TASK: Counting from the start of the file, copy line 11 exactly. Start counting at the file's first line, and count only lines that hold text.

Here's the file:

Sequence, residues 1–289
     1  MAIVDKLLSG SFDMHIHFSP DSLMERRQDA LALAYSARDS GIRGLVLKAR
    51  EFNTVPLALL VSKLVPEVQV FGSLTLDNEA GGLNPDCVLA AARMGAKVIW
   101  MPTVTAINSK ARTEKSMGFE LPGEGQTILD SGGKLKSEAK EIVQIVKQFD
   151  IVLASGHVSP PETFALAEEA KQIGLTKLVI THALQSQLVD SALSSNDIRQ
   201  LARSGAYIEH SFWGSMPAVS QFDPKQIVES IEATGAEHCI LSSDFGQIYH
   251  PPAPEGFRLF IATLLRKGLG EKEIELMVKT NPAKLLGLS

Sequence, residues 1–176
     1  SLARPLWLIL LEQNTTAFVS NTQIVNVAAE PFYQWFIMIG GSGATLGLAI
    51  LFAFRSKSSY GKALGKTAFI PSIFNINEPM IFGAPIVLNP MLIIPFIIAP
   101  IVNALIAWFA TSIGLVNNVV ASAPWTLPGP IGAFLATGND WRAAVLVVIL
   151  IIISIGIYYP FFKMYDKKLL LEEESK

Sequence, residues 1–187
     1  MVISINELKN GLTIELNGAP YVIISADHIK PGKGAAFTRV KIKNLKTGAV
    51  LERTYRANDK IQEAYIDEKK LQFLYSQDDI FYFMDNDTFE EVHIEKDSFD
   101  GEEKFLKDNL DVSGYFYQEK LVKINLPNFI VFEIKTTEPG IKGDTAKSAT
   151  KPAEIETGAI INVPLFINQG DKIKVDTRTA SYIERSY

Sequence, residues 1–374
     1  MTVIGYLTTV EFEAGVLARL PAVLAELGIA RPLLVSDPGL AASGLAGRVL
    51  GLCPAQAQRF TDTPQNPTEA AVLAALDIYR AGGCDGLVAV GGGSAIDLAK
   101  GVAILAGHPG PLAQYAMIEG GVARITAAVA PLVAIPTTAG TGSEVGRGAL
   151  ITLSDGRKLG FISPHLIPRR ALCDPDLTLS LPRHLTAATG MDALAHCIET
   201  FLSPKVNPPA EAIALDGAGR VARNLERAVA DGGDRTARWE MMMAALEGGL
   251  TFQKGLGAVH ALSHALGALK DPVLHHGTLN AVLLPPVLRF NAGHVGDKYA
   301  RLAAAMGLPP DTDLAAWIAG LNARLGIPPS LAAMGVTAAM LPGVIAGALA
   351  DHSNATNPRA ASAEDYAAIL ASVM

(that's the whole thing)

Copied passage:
   101  IVNALIAWFA TSIGLVNNVV ASAPWTLPGP IGAFLATGND WRAAVLVVIL